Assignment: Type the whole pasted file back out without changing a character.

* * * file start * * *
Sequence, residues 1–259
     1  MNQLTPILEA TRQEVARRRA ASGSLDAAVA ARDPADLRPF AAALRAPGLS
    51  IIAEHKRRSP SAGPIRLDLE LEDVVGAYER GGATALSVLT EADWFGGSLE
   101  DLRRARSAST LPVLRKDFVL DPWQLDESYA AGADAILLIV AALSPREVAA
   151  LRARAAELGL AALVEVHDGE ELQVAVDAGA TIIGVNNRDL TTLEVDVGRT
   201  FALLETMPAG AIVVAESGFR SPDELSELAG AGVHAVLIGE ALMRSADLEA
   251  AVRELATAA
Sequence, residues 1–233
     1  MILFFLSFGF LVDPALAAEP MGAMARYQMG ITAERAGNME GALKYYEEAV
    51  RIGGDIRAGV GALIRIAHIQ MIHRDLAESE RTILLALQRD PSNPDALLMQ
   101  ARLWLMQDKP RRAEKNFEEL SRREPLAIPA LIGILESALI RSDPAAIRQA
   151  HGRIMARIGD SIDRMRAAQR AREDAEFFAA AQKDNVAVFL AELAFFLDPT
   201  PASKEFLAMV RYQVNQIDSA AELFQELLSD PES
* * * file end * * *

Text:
Sequence, residues 1–259
     1  MNQLTPILEA TRQEVARRRA ASGSLDAAVA ARDPADLRPF AAALRAPGLS
    51  IIAEHKRRSP SAGPIRLDLE LEDVVGAYER GGATALSVLT EADWFGGSLE
   101  DLRRARSAST LPVLRKDFVL DPWQLDESYA AGADAILLIV AALSPREVAA
   151  LRARAAELGL AALVEVHDGE ELQVAVDAGA TIIGVNNRDL TTLEVDVGRT
   201  FALLETMPAG AIVVAESGFR SPDELSELAG AGVHAVLIGE ALMRSADLEA
   251  AVRELATAA
Sequence, residues 1–233
     1  MILFFLSFGF LVDPALAAEP MGAMARYQMG ITAERAGNME GALKYYEEAV
    51  RIGGDIRAGV GALIRIAHIQ MIHRDLAESE RTILLALQRD PSNPDALLMQ
   101  ARLWLMQDKP RRAEKNFEEL SRREPLAIPA LIGILESALI RSDPAAIRQA
   151  HGRIMARIGD SIDRMRAAQR AREDAEFFAA AQKDNVAVFL AELAFFLDPT
   201  PASKEFLAMV RYQVNQIDSA AELFQELLSD PES